10



              5



              0

                   Run 1                     Run 2           Run 3




Amanda Rösler • amro05 • Blekinge Institute of Technology
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5.1.6 Test E - Video Capture Disabled
Test duration: approximately 1 minute
Marker tracking: enabled
Video capture: disabled
3D-rendering: enabled
Network: enabled




              40



              35



              30



              25
Average FPS




              20



              15



              10



              5



              0

                   Run 1                    Run 2            Run 3




Amanda Rösler • amro05 • Blekinge Institute of Technology
           23
5.1.7 Summary of Test Results
Test A shows that the frame rate when all features are enabled is about 6 fps (frames
per second). Tests B, C and D show that disabling 3D-rendering, updates via the
network or marker tracking makes very small improvements (if any) to the frame rate.
Test E shows that disabling video capturing increases the frame rate to about 36 fps.




              40



              35



              30



              25
Average FPS




              20



              15



              10



              5



              0
                   A            B              C              D               E




Amanda Rösler • amro05 • Blekinge Institute of Technology
                              24
5.2 User Study
5.2.1 Overview
A small user study, where four people tried out the game and then answer a number of
questions about performance and user interaction, was conducted. The point of the
study was to find out how well an augmented reality game works on the iPhone, in
terms of performance, screen size and user interaction.

5.2.2 Questions
1. Did you find it difficult to shoot at other players or pick up items because the game
   couldn't recognize the markers?

   A. Yes, always
   B. Yes, sometimes
   C. No

2. What did you think about the responsiveness of the camera?

   A. Good
   B. Acceptable
   C. Not acceptable

3. Do you think that the iPhone's screen is too small for a game like this?

   A. Yes
   B. No

4. Did you like that items are used by shaking the phone, or would you have
   preferred to have a menu where you could choose to use an item?

   A. I liked it
   B. I would have preferred to have a menu
   C. I didn't like it, but I wouldn't have liked to have a menu either

5. Did you ever use an item by accident during the test run?

   A. Yes, several times
   B. Yes, once
   C. No




Amanda Rösler • amro05 • Blekinge Institute of Technology
                           25
5.2.3 Answers

   Question             User #1          User #2           User #3           User #4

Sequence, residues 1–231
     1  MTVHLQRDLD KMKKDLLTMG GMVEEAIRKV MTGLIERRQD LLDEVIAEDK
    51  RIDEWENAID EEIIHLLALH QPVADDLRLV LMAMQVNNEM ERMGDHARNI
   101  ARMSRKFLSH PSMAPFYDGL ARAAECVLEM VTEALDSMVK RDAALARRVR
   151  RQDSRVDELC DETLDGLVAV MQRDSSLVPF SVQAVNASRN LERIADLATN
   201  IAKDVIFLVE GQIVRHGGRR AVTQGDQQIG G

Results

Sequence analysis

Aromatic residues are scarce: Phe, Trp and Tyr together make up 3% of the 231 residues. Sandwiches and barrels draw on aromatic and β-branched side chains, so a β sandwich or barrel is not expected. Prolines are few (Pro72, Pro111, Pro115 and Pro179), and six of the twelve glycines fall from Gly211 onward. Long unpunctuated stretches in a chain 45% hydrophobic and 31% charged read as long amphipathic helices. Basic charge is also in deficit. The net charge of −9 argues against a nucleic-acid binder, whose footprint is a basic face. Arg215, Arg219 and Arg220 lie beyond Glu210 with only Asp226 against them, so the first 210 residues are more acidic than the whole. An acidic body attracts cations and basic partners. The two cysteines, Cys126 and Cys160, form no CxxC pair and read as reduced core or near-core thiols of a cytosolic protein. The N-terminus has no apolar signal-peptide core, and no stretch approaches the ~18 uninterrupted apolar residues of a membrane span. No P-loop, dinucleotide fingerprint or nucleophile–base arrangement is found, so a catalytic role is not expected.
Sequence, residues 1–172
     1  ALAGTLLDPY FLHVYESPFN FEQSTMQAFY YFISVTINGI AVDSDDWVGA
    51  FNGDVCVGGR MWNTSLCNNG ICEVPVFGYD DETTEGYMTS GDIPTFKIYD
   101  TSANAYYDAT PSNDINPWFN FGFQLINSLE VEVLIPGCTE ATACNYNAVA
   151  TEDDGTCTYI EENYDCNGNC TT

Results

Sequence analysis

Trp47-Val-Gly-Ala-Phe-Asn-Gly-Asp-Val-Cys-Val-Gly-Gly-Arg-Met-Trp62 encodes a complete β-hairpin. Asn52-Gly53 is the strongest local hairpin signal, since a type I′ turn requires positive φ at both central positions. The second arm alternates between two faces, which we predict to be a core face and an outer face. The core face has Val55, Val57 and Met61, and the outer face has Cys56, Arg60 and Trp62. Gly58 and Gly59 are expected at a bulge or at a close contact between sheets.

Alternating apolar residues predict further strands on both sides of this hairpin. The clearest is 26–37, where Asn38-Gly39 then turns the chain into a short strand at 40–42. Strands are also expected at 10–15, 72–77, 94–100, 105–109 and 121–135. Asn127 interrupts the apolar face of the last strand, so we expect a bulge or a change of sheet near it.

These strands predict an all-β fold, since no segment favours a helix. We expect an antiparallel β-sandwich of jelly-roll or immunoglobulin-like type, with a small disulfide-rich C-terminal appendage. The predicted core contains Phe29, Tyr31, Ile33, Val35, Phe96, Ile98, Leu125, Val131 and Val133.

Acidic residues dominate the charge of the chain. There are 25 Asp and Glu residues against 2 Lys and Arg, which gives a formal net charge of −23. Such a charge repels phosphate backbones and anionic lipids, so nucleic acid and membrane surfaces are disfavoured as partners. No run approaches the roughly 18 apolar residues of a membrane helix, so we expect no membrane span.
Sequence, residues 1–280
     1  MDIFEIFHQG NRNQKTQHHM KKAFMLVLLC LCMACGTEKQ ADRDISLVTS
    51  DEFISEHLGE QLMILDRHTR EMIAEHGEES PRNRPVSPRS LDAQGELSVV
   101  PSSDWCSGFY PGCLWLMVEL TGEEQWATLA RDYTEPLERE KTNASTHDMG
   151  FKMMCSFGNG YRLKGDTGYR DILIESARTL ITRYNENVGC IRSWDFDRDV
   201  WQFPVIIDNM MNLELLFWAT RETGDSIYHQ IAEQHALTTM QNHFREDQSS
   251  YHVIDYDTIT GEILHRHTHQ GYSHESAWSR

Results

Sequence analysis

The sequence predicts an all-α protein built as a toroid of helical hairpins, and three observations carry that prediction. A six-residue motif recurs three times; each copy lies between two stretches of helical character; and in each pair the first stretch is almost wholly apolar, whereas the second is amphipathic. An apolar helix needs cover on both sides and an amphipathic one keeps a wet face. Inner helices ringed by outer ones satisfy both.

1          C                C                 B                 B

         2          B                B                 B                 B

         3          B                B                 B                 B

         4          A                A                 B                 A

         5          C                C                 C                 C




5.2.4 Summary of Test Results
Half of the testers thought that it was sometimes difficult to shoot at other players
because the game couldn't recognize the markers, and the other half didn't think it was
difficult at all.

All testers thought that the responsiveness of the camera was acceptable, but not good.

All testers thought that the iPhone's screen is big enough for an augmented reality
game.

Three of the testers liked shaking the iPhone to activate items, the other tester would
have preferred to activate items through a menu.

None of the testers used any items by accident.




Amanda Rösler • amro05 • Blekinge Institute of Technology
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6. Discussion
6.1 Performance
The performance tests show that the game runs at about 6 frames per second, and that
video capturing is the worst bottleneck. In fact, when video capturing was disabled,
the game ran at about 36 fps, which is six times faster. When disabling marker
tracking, the game only ran slightly faster than when all features were enabled, at
about 9 fps.

Daniel Wagner, one of the creators of StbTracker, has tested the performance of
StbTracker on several mobile phones, and presents the results in his thesis 'Handheld
Augmented Reality'. According to his results, the Palm Treo700W and the Motorola
Q, which both have 312 MHz processors, could track a single marker at 40,2
respectively 33,2 fps (Wagner 2007). Wagner also concludes, in another test, that the
tracking performance is proportional to the speed of the processor. The reason that the
Palm Treo ran at a higher frame rate than the Motorola Q, even though their processors
are equally fast, is likely due to the fact that the Palm Treo has faster video capturing
than the Motorola Q (Wagner 2007).

The results presented by Wagner raises the question: why does the game implemented
for this thesis run at a much lower frame rate than Wagner's application? As shown in
Test C (page 21), when everything but the marker tracking and video capturing was
disabled and a single marker was tracked, the fps was only about 7, as opposed to
Wagner's 40 and 33 fps. The iPhone's processor is faster than the Palm Treo's and
Motorola Q's processors, so logically, it should be able to run faster than them.

One possible explanation for this could be the size of the iPhone's screen. The iPhone's
screen has 480x320 pixels, and is thereby larger than the Palm Treo's 240x240 pixels
screen and the Motorola Q's 320x240 pixels screen. The larger screen size could make